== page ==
|Launch Date||April 2019||January 2016|
|Launch Price||USD 599||USD 6499|
|Sensor Specs||Canon 250D||Nikon D5|
|Sensor Format||APS-C Sensor||Full Frame Sensor|
|Sensor Size||22.3 x 14.9 mm||35.9 x 23.9 mm|
|Sensor Area||332.27 mm2||858.01 mm2|
|Sensor Diagonal||26.8 mm||43.1 mm|
|Sensor Resolution||24 Megapixels||20.7 Megapixels|
|Image Resolution||6000 x 4000 pixels||5588 x 3712 pixels|
|Pixel Pitch||3.72 μm||6.44 μm|
|Pixel Density||7.22 MP/cm2||2.42 MP/cm2|
|Moiré control||Anti-Alias filter||Anti-Alias filter|
|Movie Capability||4K/25p Video||4K/30p Video|
|ISO Setting||100-25600 ISO||100-102400 ISO|
|ISO Boost||100-51200 ISO||50-3280000 ISO|
|Image Processor||DIGIC 8||EXPEED 5|
|DXO Sensor Quality (score)||..||88|
|DXO Color Depth (bits)||..||25.1|
|DXO Dynamic Range (EV)||..||12.3|
|DXO Low Light (ISO)||..||2343|
|Screen Specs||Canon 250D||Nikon D5|
|Viewfinder Type||Optical viewfinder||Optical viewfinder|
|Viewfinder Field of View||95%||100%|
|Top-Level Screen||no Top Display||Control Panel|
|LCD Framing||Live View||Live View|
|Rear LCD Size||3.0 inch||3.2 inch|
|LCD Resolution||1040k dots||2359k dots|
|LCD Attachment||Swivel screen||Fixed screen|
|Shooting Specs||Canon 250D||Nikon D5|
|Autofocus System||Phase-detect AF||Phase-detect AF|
|Continuous Shooting||5 shutter flaps/s||14 shutter flaps/s|
|Shutter Life Expectancy||100 000 actuations||400 000 actuations|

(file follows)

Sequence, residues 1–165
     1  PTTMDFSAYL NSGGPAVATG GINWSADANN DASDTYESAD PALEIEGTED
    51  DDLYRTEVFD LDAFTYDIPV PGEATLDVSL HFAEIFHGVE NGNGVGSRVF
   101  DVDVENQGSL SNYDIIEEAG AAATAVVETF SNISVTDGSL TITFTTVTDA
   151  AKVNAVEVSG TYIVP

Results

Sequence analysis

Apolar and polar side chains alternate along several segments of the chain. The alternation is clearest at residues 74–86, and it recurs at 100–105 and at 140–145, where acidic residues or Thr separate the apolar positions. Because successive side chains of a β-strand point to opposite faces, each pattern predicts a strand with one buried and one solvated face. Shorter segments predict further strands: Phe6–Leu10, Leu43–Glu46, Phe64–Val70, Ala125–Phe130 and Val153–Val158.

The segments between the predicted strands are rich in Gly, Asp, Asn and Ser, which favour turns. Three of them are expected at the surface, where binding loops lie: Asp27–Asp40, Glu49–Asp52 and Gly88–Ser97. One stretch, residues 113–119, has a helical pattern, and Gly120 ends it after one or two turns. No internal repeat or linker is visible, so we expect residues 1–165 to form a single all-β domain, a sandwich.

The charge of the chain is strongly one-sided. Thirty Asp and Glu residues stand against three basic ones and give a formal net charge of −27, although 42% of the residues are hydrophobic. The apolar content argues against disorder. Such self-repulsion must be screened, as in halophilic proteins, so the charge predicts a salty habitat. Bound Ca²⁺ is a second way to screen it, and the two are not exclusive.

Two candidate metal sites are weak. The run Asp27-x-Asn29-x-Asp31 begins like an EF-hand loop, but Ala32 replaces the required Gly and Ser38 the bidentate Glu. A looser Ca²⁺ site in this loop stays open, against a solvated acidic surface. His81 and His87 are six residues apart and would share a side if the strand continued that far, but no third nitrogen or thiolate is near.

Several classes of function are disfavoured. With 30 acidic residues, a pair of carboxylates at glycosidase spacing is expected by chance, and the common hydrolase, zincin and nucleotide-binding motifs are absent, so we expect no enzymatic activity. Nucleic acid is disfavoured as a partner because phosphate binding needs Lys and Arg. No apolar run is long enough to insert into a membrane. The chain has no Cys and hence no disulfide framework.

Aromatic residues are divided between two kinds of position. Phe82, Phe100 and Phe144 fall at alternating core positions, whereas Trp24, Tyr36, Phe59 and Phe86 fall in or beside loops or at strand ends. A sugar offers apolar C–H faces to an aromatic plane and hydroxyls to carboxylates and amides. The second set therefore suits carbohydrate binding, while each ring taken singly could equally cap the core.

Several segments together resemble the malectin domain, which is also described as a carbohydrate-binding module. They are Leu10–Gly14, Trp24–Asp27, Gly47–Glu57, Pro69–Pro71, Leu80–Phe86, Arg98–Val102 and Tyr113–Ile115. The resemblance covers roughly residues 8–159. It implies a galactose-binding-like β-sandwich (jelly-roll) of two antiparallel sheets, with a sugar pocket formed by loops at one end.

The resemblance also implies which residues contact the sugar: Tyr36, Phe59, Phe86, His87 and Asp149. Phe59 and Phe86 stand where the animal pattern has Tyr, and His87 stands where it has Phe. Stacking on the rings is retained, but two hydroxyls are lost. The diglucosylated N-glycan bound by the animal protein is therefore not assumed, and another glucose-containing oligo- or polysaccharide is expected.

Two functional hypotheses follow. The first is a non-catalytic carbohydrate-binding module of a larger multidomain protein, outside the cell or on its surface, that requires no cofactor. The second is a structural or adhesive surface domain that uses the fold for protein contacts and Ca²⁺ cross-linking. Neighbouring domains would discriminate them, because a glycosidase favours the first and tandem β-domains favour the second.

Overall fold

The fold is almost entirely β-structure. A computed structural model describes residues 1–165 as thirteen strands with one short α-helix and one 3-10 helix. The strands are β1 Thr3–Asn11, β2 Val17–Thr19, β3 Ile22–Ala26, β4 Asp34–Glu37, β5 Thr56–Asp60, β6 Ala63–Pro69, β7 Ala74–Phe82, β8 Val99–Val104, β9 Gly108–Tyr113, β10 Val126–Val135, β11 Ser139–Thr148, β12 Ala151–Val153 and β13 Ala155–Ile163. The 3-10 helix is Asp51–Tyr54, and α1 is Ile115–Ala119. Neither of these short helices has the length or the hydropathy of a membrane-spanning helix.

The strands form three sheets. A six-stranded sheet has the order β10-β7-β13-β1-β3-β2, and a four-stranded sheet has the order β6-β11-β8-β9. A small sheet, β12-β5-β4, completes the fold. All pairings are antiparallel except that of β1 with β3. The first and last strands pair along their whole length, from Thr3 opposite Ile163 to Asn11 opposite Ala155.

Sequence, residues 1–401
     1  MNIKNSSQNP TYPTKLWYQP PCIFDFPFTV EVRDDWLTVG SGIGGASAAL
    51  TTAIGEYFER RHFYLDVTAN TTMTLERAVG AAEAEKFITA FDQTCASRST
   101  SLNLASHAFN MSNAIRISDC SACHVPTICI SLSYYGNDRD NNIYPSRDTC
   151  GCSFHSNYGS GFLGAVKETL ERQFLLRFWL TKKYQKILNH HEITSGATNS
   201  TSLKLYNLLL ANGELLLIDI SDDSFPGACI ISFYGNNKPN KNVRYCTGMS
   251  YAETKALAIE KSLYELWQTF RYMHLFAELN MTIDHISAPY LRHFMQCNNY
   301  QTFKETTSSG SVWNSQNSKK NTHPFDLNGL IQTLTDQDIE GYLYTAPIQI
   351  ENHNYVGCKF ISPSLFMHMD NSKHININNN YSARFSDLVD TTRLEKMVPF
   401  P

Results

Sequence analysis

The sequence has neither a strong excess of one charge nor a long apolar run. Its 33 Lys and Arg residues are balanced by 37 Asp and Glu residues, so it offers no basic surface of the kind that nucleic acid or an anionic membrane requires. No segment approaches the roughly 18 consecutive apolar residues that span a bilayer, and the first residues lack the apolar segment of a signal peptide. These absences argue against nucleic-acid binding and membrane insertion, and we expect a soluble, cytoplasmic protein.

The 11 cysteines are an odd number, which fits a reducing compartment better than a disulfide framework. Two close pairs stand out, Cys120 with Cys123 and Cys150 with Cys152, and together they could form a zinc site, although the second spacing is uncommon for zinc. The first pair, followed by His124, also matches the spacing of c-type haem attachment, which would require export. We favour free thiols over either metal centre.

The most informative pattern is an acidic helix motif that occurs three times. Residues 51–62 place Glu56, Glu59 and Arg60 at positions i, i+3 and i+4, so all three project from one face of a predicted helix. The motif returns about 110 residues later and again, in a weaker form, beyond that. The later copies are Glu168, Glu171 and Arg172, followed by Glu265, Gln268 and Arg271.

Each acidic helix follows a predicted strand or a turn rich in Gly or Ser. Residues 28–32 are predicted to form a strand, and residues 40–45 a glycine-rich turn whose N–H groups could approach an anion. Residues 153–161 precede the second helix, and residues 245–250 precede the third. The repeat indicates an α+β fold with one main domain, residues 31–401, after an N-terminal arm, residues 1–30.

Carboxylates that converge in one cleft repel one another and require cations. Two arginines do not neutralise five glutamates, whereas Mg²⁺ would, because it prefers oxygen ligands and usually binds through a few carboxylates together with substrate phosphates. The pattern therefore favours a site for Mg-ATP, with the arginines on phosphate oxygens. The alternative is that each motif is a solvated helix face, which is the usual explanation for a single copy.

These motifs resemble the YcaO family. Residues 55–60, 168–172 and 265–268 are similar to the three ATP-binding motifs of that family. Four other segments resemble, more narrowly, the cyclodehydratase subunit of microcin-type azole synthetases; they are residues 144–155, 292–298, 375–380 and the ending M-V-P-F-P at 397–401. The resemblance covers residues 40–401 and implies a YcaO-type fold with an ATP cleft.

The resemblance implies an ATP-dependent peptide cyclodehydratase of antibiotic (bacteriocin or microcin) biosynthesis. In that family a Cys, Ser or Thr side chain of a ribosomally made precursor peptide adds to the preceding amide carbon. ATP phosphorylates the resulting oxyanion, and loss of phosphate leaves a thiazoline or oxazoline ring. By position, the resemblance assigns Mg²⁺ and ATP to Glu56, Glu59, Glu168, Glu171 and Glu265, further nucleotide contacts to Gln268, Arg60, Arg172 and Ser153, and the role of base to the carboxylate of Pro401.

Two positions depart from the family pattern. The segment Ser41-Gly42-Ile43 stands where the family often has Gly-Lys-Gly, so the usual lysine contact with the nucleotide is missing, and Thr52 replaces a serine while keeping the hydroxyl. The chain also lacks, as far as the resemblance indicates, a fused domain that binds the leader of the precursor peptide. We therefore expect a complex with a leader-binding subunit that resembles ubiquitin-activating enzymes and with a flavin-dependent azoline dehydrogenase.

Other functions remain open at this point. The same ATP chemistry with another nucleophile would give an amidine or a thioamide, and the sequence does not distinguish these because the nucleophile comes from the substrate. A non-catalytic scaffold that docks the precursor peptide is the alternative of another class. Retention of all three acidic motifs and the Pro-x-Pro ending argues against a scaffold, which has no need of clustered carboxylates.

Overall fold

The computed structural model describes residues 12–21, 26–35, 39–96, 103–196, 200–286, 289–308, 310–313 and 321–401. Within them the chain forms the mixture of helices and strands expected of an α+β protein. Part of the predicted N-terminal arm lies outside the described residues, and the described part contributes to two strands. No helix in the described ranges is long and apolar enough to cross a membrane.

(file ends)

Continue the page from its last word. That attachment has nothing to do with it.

|Time-Lapse Photography||Intervalometer built-in||Intervalometer built-in|
|Fill Flash||Build-in Flash||no On-Board Flash|
|Storage Medium||SDXC cards||CF or XQD cards|
|Second Storage Option||Single card slot||Dual card slots|
|Connectivity Specs||Canon 250D||Nikon D5|
|Studio Flash||no PC Sync||PC Sync socket|
|USB Connector||USB 2.0||USB 3.0|
|HDMI Port||mini HDMI||mini HDMI|
|Microphone Port||External MIC port||External MIC port|
|Headphone Socket||no Headphone port||Headphone port|
|Wifi Support||Wifi built-in||no Wifi|
|Bluetooth Support||Bluetooth built-in||no Bluetooth|
|Body Specs||Canon 250D||Nikon D5|
|Environmental Sealing||Not weather sealed||Weathersealed body|
|Battery Type||LP-E17 power pack||EN-EL18a power pack|
|Battery Life (CIPA)||1070 shots per charge||3780 shots per charge|
122 x 93 x 70 mm
(4.8 x 3.7 x 2.8 in)
160 x 159 x 92 mm
(6.3 x 6.3 x 3.6 in)
|Camera Weight||449 g (15.8 oz)||1415 g (49.9 oz)|